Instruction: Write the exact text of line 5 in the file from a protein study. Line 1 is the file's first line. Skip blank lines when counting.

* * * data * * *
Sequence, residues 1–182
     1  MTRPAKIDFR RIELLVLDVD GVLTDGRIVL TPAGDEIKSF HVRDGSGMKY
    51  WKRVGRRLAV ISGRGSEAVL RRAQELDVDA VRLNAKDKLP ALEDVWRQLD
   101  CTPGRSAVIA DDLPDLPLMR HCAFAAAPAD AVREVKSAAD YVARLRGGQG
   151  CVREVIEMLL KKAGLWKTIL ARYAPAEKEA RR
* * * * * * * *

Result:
   151  CVREVIEMLL KKAGLWKTIL ARYAPAEKEA RR